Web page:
You are on page 1of 4

Our History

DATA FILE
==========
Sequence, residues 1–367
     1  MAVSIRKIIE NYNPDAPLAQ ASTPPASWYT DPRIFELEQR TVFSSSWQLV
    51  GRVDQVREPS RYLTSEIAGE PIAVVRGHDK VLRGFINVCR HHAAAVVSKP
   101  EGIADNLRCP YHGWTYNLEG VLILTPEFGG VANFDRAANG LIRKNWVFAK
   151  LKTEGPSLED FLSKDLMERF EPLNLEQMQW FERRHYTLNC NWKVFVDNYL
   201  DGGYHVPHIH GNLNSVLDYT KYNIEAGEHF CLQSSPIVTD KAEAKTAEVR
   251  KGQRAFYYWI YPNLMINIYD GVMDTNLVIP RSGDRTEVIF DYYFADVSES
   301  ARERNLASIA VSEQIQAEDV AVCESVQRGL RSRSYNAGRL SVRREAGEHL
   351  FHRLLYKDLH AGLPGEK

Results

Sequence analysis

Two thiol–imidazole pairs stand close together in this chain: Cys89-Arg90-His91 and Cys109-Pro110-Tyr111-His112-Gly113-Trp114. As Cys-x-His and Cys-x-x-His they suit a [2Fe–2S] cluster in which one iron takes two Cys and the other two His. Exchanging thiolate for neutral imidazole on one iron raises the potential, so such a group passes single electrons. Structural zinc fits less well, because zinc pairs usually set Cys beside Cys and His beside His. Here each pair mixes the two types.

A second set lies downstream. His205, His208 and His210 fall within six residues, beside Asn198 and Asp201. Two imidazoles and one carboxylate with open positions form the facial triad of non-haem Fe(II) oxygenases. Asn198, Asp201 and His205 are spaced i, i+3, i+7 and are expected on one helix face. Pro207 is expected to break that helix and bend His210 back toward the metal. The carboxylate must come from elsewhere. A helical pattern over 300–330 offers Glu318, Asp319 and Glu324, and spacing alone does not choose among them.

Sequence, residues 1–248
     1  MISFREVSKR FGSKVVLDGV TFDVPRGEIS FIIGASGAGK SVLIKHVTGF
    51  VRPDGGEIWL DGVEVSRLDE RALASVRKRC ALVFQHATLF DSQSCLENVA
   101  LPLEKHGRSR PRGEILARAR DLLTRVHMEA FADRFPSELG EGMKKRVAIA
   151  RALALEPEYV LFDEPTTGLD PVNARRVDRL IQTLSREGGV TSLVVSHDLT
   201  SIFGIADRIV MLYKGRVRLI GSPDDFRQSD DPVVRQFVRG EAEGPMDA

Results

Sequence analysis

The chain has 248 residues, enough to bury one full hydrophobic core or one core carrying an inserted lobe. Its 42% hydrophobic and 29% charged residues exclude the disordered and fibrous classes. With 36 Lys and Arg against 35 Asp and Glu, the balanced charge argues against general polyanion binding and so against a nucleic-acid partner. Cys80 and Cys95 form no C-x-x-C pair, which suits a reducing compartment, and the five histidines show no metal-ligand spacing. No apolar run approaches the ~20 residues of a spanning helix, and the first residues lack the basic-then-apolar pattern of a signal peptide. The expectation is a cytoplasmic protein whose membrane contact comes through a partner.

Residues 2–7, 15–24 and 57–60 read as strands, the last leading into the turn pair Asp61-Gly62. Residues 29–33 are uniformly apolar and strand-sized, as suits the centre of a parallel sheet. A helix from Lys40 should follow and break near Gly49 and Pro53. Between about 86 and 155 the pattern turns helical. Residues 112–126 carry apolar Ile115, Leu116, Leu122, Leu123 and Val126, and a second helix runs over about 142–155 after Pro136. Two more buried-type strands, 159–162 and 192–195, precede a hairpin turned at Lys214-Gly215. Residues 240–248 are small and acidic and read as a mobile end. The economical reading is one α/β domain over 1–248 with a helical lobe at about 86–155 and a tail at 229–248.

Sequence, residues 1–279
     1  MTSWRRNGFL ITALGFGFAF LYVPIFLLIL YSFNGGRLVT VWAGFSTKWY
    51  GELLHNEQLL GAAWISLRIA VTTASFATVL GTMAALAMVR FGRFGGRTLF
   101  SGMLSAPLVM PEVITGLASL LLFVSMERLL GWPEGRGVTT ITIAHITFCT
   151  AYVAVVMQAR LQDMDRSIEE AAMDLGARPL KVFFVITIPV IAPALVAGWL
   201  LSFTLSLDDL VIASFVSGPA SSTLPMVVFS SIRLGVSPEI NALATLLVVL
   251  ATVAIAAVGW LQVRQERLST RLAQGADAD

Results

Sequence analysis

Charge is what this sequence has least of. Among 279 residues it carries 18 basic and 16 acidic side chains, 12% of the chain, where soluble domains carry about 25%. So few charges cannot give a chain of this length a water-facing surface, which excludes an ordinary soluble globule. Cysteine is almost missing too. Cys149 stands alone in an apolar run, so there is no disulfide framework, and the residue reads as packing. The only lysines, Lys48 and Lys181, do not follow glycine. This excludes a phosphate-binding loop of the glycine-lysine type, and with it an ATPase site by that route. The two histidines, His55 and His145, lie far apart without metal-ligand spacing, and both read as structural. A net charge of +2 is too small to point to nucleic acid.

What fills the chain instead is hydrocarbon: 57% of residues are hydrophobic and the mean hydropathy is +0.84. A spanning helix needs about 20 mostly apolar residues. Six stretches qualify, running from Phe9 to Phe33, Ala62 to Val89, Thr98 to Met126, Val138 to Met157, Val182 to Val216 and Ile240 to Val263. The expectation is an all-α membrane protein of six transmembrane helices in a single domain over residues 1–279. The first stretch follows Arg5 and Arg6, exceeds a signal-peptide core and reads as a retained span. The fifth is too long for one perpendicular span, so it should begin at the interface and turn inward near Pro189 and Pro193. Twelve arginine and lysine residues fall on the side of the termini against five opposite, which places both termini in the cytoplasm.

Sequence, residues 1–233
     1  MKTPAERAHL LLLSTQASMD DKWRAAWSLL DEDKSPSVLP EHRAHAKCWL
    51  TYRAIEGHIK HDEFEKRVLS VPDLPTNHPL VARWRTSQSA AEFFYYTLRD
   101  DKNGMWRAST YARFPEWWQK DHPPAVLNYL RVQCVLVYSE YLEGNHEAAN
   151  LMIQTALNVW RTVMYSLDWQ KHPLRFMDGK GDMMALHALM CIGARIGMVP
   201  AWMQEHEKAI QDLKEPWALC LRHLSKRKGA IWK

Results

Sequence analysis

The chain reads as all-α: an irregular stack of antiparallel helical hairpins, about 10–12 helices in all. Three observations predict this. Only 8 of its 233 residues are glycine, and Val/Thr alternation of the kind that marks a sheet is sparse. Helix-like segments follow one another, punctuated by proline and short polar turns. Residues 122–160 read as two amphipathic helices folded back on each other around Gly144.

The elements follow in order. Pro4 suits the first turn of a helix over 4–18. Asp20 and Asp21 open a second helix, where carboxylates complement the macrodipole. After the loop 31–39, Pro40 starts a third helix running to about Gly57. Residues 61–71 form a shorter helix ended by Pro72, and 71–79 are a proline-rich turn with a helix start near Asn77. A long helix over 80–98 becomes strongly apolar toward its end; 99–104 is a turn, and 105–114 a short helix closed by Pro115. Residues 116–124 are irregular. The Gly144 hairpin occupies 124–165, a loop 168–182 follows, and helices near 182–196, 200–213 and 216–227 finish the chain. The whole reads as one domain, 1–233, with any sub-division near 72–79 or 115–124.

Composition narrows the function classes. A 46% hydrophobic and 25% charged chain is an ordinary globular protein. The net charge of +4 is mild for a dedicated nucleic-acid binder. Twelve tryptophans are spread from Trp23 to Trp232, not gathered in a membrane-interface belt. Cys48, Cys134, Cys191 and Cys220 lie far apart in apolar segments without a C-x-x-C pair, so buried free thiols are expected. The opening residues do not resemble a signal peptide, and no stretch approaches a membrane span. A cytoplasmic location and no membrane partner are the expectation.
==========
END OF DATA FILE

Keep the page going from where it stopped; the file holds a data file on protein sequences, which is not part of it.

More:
The Treaty of Sugauli 1816 between Nepal and East India Company granted Sikkim the region West of the Teesta under the guarantee of the Company. This territory was put under Capt. Lloyd and Mr. J. Grant, Commissioner Resident at Malda. Captain Lloyd toured the region and saw the suitability of Darjeeling as a sanitarium. He strongly urged the then Governor General Lord Bentinck to acquire it for health, trade, military and political purposes. Lord Bentinck agreed and negotiations with Sikkim Raja were made. In 1835 the Sikkim Raja made a free gift of Darjeeling Hill. In 1841 compensation of Rs. 3000 per annum was made to the Raja which was raised to Rs. 6000 per annum. By 1840 a road was made from Pankhabari to Darjeeling. Houses were built in the wooded hill slopes. In 1839, Dr. Campbell was appointed Superintendent of Darjeeling. Between 1839-42 a cart road had been built between Siliguri and Darjeeling. In the neighborhood tea plantation had begun. By 1850 there was a bazaar, a jail and a hospital. In 1840, the famous botanist Sir Joseph Hooker and Dr. Campbell while touring in North Sikkim were seized and imprisoned for six weeks. An avenging force was sent to Sikkim. The result was that the land south of the Rangeet and Tarai were annexed and formed the western part of the district of Darjeeling. Disputes on the borders of Bhutan and Bengal had continued for years since the British came to power in Bengal and Assam. In 1863 Sir Ashley Eden was sent to negotiate a treaty with Bhutan. The mission was a failure. He was ill treated in Bhutan and in retaliation Indian forces invaded Bhutan from the south. Tongsa, Penlop signed a treaty with Indian Government in 1865. By this treaty Bhutan ceded the Duars and the region between the Jaldhaka and the Teesta, the present Kalimpong Sub-Division. Thus the regions ceded by Sikkim and Bhutan formed the Darjeeling District. In this district, came the first missionary of the Church of Scotland in 1870. The first Church of Scotland missionary Rev. Williamm Macfarlane came to Darjeeling from Gaya in 1870. He bought a small piece of land and built a small school in Darjeeling. Boys attended this school and received education for four years. These youths were sent to schools in the neighboring tea gardens and villages. He himself toiled hard at school and toured Sikkim and the neighborhood. In 1873, he crossed the Teesta and reached Kalimpong. He thought that Kalimpong would be a fruitful station for education and evangelism. In 1873, he came to Kalimpong, bringing two teachers with him and opened a small school the first school in Kalimpong. The teaching and preaching work in Darjeeling prospered. Many youths became workers in offices, teachers in schools and some of them were baptized in 1874. These young Christians became leaders of Church Ganga Prasad Pradhan, Lakshmansing Mukhia, Surjaman Mukhia, Apun Laksom, Jangabir Mukhia and Sukhman Limbu. The area of Rev. Macfarlanes work was so extensive by 1878 that he could not cover the area alone. So he sent a letter to Scotland, asking for two workers. So the Church of Scotland in 1880 sent two missionaries Rev. W.S. Sutherland and Rev. A. Turnbull to work in the newly founded educational and religious work. The three missionaries in a meeting agreed to work in different parts of Darjeeling District and Sikkim Turnbull in Darjeeling, Sutherland in Sikkim and Macfarlane in Kalimpong. During the furlough in 1881 after 15 years, Rev. Macfarlane visited churches in Scotland and held meetings in which he told them about the work of the missionaries in the Eastern Himalaya. The Church of Scotland was very happy to hear this. A Missionary Association of four Scottish Universities had been formed a few years before this. Mr. Macfarlane met this Scottish Universities Mission Association members and had talks about the teaching and preaching work of the missionaries. This Scottish Universities Mission, under and jointly with Church of Scotland decided to send Mr. Macfarlane in the Eastern Himalayan region. This S.U.M. field of work was to